The plans to the Temple are conditional (I'm trying to speak your language!). In 43:11, Yahweh tells the great prophet, "If they are ashamed of all that they have done, make known to them the design of the house, its structure, its exists, its entrances, all its designs, all its statutes, and all its laws. And write it in their sight, so that they may observe its whole design and all its statutes to do them." Remember in Cinderella when the evil step-mother says, "if"? That's how I typed it. They had two chances to build this very Temple, didn't they (Cyrus' and Herod's)? Ezekiel writes out these plans in their presence, three or four decades before they'll have a chance to build them. They don't. There is no ark mentioned in Ezekiel's plans because the ark disappeared with the destruction of Solomon's Temple, never to be seen again (unless you can break into that warehouse in Area 51). Don't ever forget that the heart of Cyrus' Temple and Herod's Temple was empty.
I would suggest to you, fellow disciple, that the plans in Ezekiel 40-48 are conditioned on the people's shame. Apparently there was not enough shame! OR Ezra-Nehemiah, in building Cyrus' Temple, did try to build Ezekiel's Temple, but the people's concern with resettling the land proved more important (they are constantly tearing clothing in leading the people to repent, and a few decades later in Malachi we see things have degraded already). Zechariah-Haggai did, after all, have to twist their arms to get them to even finish the thing.
The presence of God leaves Solomon's Temple in Ezekiel 10. The last verse of Ezekiel promises that the Temple of 40-48 will have God's presence. When does it return? Not for Cyrus' Temple, or Herod's. When does God's presence return in a way similar to the event at the dedication of Solomon's Temple? Pentecost, when God returns to His Temple, so much more than a building. His glorious and beloved Church. Stephen, in the most incredible God-perspective giving of Jewish history, quotes the O.T. as they're picking up stones, reminding them (with their own Scriptures) that God can't be contained in a building (Acts 7:46-50). Are we really going to argue, given the trajectory of the N.T., that God's plan is for another building? Do we wink knowingly at each other over Jesus' naivety in insisting that the Father wasn't looking for worshipers in Jerusalem, but worshipers in Spirit and in truth (John 4:21-24)?
I don't see the "eternal promise to the sons of Zadok" in the Bible. The post-exilic priesthood was certainly to be led by the Zadokites, but "eternal" doesn't enter into the discussion. Zadok was high priest under David. Zechariah and Haggai's emphasis on Zerubbabel (the governor) and Josiah (the high priest, a descendant of Zadok) certainly point to a restoration of a Davidic ruler and Zadokite priesthood. So at least that part fits pretty good with Ezekiel's instructions to the Exiles. There were high priests from the Zadokite line at least until the Maccabean period. By the way, great resource book: "From Joshua to Caiaphas: High Priests After the Exile," by James C. VanderKam (Minneapolis, MN: Fortress Press, 2004). It's scholarly, and not written from the viewpoint of either of our eschatological camps, so it's actually worth reading (yes, there are topics aside from eschatology that are important).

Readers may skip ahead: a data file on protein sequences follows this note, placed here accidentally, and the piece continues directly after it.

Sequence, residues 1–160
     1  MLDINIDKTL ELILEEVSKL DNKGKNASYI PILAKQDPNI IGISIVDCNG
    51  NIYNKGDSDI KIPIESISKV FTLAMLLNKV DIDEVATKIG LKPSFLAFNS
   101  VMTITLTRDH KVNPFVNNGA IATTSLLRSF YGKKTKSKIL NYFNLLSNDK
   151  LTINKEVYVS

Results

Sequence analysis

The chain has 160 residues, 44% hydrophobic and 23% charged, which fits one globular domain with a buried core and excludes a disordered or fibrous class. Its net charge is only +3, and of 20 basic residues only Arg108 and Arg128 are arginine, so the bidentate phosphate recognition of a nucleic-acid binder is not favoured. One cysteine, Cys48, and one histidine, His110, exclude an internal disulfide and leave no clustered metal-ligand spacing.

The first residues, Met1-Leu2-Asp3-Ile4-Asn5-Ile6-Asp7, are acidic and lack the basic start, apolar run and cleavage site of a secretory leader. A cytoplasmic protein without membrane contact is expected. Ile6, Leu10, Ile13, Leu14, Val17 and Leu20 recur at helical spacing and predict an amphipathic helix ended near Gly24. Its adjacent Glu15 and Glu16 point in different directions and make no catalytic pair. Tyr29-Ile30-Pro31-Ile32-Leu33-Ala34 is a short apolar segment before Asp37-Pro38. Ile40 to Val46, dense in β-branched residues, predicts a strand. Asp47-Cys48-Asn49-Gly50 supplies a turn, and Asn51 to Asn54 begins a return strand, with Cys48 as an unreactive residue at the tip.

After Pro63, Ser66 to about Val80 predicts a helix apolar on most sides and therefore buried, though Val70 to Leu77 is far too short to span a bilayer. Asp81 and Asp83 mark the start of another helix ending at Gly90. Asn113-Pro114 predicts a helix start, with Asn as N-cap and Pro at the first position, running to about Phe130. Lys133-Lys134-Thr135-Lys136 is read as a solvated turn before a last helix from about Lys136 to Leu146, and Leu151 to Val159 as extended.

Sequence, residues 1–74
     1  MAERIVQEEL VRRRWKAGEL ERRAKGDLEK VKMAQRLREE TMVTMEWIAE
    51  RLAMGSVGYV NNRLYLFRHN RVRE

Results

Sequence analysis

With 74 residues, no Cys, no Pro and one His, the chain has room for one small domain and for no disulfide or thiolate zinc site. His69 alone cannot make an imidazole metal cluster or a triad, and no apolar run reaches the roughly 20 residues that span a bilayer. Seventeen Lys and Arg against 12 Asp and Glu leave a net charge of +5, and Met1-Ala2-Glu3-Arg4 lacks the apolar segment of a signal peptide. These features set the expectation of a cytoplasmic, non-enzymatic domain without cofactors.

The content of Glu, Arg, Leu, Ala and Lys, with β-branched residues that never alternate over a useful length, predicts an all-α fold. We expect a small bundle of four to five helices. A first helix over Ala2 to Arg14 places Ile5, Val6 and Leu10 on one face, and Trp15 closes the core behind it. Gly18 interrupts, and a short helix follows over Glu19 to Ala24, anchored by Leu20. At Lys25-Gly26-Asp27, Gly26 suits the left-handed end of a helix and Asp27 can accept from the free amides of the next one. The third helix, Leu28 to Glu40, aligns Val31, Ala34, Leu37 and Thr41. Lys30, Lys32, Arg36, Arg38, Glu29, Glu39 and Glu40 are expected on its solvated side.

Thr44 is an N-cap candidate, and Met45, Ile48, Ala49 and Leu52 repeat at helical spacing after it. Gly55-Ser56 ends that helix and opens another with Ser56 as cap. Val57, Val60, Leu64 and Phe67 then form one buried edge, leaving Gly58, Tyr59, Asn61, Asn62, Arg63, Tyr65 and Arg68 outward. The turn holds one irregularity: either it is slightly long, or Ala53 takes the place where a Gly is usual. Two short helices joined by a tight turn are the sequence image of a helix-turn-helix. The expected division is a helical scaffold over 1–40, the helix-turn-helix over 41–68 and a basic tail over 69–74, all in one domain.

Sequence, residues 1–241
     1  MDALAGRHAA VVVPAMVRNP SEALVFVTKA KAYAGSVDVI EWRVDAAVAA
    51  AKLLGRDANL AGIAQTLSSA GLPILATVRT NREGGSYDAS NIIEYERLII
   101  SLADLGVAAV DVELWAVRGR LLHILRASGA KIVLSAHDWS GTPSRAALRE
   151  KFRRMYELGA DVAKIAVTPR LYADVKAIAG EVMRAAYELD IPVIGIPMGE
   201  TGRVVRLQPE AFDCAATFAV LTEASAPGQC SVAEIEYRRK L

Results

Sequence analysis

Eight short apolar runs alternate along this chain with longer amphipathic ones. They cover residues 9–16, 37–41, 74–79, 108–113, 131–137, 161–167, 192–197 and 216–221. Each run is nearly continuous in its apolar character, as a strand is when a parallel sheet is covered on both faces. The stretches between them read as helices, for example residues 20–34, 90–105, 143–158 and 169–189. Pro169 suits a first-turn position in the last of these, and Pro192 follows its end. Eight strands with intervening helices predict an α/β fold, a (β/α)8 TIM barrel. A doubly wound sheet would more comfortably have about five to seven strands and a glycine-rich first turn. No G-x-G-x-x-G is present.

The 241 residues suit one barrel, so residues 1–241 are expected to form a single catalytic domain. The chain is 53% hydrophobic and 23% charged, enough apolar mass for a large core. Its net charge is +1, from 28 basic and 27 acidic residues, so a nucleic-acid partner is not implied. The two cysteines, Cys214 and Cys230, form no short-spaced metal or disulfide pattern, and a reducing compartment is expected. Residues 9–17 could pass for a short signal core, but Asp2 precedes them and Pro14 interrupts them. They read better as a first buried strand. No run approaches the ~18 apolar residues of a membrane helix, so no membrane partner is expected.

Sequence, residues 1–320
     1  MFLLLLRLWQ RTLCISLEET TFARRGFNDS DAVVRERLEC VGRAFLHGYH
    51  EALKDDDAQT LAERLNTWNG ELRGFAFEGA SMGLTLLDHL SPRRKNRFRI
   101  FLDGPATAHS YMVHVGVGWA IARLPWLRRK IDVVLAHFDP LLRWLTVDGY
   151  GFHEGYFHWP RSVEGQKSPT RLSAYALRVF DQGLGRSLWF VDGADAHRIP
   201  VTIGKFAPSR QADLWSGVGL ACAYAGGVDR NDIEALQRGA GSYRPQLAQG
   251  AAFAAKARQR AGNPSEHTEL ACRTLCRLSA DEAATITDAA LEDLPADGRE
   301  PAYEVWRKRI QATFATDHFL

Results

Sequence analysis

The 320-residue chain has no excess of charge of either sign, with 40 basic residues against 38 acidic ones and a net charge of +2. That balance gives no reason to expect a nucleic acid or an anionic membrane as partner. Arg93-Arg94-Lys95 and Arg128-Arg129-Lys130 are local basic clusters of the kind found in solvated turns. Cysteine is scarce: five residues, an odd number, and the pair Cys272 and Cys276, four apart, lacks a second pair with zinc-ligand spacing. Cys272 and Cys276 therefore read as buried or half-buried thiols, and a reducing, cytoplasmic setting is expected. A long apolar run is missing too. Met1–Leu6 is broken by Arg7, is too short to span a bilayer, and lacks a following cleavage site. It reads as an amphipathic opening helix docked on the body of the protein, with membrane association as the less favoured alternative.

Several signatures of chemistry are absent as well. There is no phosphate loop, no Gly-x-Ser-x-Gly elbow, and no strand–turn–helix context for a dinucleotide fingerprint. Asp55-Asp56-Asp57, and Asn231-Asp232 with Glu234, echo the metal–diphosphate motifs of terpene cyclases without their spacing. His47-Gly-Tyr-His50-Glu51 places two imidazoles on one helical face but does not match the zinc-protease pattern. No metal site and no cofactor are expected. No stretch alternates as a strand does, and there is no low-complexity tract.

There was no "mercy seat" or "ark" in either Cyrus' Temple or Herod's Temple, since the ark of the covenant disappeared with the destruction of Jerusalem in 586 B.C. So I don't think we can say Ezekiel's visionary Temple is "different in several ways from any other temple." With this criteria, Solomon's Temple was the oddball.
Just because Ezekiel doesn't mention a high priest doesn't mean one wasn't intended for this Temple. Besides, what was the role of the high priest? Isn't the primary role entry into the Holy of holies on the Day of Atonement to pour blood on the mercy seat? With no mercy seat/ark, this became a largely political/symbolic role in the post-Exilic period.
This is not "replacement" theology. Jesus, the perfect Israel, contains the people of God in Him (read Galatians some time). He became the remnant. In Him all the promises and blessings of Abraham are fulfilled. I'd mention Galatians 3:28; Ephesians 2:11-22; Colossians 3:11, but I know the counter-arguments of Dispensationalists very well. Sophistry.
And I know the last question of yours wasn't serious. But in case it accidentally was serious, the goal of God is a restoration of His people in Ezekiel 37.I used to be a Dispensationalist. I had the Clarence Larkin book with all the charts, the Walvoord compendium, the Left Behind series. I loved it. Dispensationalism cuts up the Bible in a scrapbooking theology that re-arranges events separated by centuries, throws 90% of them into the future (the Church is just a place-holder in the middle of the really cool story, Yahweh and Israel), and creates a fantasy world with all the drama and narrative of Narnia (without - sigh - the talking animals). Then the rat heard his pastor one night after Bible Study mention Acts 2:16, where Peter applies Joel to the events of Pentecost, not with double-meaning, not with a gap of millennia, but to his day. I quietly starting re-reading the Bible after that, throwing away (in some cases burning) my Dispensationalist stuff, leaving the safety of the charts and the psychotic excitement of imminent eschatology. I left behind (haha) the double-covenant and the insistence on imposing hyper-literalness on Hebrew poetry and thought. Most of all, I stopped believing this current day and time are the most important in all of the history of the world, things can't get much worse, and the anti-Christ (what a sham) is about to take over the United Nations with his charisma...of course, anti-Christ is not mentioned in Revelation or any "prophetic" material, so he is only a ridiculous straw-man for the end-times experts.